A half-century for Trent Bridge

by Steven Lynch

August 14, 2003

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Today's match brings up the half-century of Test matches at Trent Bridge. England have been involved in 48 of the previous 49, winning 13, drawing 21 and losing 14. The odd one out was a match between Australia and South Africa in the 1912 Triangular Tournament, which was a rain-affected draw. The first match there was the 50-year-old WG Grace's last, a drawn game against the Aussies in 1899.

England and South Africa have crossed swords at Nottingham seven times in Tests. England have won three and SA two, with two draws. England came out on top in the most recent meeting, in 1998, when they won the fourth Test to square that series. That was a match made memorable by the eyeball-to-eyeball duel of Mike Atherton and Allan Donald as England successfully chased their fourth-innings target of 247.

Prior to that, the last time these two teams met at Trent Bridge was back in 1965, a match that featured another fine innings. Graeme Pollock's 125 on an untrustworthy pitch inspired South Africa to a 94-run victory.

West Indies have the best record of any visitors to Nottingham: they have won four and drawn four of their eight Trent Bridge Tests. Zimbabwe are also unbeaten there, having drawn their only Test in 2000. Australia have won seven of their 20 Tests on the ground (and drawn ten, including the 1912 one against South Africa, and lost only three), while New Zealand have won one of seven (lost four, drawn two). India and Pakistan have played three Tests there, and neither has won. India have drawn twice (including last year) and lost one, while Pakistan have lost two and drawn one.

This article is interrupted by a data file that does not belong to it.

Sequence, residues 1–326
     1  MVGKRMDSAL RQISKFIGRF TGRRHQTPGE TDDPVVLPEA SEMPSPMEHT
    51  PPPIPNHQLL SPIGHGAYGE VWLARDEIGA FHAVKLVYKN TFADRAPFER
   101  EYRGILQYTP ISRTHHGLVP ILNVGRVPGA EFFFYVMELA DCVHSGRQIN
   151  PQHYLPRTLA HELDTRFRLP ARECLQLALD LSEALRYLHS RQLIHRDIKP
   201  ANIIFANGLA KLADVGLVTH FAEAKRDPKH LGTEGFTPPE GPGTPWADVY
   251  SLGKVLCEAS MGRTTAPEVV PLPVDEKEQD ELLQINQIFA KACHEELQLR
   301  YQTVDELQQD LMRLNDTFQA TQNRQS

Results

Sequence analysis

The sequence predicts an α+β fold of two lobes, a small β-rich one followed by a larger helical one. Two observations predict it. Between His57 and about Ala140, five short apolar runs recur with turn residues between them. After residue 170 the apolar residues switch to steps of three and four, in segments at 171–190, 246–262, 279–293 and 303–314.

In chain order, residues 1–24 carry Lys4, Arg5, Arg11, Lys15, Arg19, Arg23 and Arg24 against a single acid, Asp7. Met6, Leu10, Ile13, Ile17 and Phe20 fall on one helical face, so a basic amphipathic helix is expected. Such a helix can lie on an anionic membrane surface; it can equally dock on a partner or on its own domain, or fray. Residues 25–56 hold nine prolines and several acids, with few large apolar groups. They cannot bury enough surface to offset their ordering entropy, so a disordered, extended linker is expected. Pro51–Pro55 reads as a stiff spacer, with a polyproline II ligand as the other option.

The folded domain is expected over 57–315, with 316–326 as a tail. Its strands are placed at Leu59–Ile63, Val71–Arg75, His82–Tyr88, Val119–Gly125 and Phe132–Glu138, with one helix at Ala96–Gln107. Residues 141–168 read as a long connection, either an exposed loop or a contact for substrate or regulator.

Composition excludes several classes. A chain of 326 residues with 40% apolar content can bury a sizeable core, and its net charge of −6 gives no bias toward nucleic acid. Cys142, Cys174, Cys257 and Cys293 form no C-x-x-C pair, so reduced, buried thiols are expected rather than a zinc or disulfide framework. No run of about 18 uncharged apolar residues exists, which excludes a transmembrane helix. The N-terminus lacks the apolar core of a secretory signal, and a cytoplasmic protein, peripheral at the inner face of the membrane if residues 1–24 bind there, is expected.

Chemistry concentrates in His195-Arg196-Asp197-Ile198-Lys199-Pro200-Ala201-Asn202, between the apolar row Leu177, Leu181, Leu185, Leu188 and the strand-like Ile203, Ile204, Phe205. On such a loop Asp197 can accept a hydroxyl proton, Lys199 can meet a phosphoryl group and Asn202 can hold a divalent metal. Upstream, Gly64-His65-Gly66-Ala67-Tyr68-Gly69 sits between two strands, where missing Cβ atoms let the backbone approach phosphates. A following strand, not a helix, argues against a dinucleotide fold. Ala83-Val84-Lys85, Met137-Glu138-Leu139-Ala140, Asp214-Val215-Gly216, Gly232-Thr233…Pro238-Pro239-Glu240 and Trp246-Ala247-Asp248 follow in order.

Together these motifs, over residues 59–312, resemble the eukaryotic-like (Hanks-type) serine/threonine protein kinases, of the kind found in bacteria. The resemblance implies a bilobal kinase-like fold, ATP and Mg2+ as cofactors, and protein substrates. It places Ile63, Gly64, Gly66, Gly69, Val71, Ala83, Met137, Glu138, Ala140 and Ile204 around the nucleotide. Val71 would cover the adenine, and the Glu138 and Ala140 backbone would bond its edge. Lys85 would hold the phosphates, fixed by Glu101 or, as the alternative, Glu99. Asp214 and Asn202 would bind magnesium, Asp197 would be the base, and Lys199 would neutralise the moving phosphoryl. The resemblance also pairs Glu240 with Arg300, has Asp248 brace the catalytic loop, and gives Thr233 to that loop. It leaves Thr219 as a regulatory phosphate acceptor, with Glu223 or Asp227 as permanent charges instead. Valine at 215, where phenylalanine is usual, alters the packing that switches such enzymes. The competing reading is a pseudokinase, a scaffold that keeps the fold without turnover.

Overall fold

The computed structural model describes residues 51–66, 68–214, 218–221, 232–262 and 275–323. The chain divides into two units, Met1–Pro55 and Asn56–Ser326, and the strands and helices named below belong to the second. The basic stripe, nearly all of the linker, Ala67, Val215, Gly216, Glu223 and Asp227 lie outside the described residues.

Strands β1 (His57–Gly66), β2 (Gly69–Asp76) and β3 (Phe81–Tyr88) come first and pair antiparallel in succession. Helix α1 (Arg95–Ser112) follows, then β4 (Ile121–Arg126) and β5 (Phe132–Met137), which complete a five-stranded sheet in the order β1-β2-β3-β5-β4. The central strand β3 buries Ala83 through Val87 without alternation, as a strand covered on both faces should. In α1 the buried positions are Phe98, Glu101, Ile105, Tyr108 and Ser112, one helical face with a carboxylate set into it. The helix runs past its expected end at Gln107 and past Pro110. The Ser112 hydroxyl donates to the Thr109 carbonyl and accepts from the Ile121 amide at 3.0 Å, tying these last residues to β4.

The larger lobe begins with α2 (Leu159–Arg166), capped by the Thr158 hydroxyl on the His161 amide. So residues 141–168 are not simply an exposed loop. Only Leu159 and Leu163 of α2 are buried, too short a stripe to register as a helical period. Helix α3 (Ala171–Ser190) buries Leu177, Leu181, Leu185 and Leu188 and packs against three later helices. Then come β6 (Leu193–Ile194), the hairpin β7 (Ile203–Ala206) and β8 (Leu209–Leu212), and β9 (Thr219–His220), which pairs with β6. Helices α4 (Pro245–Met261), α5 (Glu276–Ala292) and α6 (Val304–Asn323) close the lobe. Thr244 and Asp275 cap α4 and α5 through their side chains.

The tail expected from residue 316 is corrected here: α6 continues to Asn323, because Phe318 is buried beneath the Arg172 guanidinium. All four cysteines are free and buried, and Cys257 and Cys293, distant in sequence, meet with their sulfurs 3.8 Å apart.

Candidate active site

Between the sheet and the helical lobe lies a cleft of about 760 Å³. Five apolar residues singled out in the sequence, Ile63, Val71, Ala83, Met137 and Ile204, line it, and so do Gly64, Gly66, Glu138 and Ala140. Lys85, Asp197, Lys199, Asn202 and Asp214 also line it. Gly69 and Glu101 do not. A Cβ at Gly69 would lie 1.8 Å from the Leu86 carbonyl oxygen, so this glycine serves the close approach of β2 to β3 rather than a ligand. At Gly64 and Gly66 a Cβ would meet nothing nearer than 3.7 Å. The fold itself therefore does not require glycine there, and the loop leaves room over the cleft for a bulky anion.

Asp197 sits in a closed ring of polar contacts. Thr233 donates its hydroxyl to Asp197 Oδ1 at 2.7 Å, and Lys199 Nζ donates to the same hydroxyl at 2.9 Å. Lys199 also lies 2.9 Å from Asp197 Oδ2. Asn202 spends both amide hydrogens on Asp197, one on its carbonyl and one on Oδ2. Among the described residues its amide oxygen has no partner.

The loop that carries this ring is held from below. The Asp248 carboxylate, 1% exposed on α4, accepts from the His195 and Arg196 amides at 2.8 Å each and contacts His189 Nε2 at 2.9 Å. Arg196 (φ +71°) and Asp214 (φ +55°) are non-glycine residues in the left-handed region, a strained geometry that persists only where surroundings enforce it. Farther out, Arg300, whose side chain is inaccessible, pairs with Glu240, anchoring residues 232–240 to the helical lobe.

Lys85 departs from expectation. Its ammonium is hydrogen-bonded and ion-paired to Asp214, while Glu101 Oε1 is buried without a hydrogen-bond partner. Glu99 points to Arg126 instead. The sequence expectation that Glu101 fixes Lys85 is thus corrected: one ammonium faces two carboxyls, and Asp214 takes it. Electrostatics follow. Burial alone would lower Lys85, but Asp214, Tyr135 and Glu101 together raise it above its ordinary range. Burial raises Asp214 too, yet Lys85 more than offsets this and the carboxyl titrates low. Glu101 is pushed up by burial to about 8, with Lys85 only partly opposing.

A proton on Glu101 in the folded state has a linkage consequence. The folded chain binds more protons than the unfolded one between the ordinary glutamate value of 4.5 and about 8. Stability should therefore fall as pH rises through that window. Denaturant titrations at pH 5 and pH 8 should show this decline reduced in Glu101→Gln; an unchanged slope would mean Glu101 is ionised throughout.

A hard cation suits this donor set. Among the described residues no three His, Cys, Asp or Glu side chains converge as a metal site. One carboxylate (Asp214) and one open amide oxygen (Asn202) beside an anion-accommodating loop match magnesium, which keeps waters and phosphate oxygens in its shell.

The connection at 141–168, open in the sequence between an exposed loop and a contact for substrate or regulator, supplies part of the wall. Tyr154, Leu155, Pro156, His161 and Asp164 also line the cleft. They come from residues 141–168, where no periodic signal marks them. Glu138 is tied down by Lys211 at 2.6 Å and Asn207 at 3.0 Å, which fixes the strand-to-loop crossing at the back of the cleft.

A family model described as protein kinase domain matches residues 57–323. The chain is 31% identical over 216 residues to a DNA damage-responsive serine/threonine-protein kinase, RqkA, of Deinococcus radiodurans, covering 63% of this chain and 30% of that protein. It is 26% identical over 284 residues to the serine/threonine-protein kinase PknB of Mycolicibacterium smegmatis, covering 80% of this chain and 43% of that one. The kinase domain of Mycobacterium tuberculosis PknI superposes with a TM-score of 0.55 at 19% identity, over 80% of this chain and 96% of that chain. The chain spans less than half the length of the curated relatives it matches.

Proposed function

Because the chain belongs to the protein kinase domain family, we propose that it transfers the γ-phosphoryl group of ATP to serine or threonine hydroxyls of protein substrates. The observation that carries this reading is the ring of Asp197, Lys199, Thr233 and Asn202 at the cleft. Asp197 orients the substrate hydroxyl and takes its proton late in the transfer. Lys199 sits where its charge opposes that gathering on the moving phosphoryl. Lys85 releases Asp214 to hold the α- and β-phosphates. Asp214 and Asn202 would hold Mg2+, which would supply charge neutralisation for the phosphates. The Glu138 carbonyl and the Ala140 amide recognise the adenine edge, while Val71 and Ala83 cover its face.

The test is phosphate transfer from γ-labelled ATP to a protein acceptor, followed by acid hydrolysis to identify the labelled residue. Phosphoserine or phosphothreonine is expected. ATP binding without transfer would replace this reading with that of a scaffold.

The highest individual score at Trent Bridge (Graeme Smith please note) is Denis Compton's 278 against Pakistan in 1954. The highest team total remains England's 658 for 8 declared (Paynter 216 not out, Barnett 102, Compton 102, Hutton 100) against Australia in 1938. And the best bowling figures date back to 1905, when the googly-inventor Bernard Bosanquet bamboozled Australia with 8 for 107.

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Steven Lynch Steven Lynch won the Wisden Cricket Monthly Christmas Quiz three years running before the then-editor said "I can't let you win it again, but would you like a job?" That lasted for 15 years, before he moved across to the Wisden website when that was set up in 2000. Following the merger of the two sites early in 2003 he was appointed as the global editor of Wisden Cricinfo. In June 2005 he became the deputy editor of Wisden Cricketers' Almanack. He continues to contribute the popular weekly "Ask Steven" question-and-answer column on ESPNcricinfo, and edits the Wisden Guide to International Cricket.
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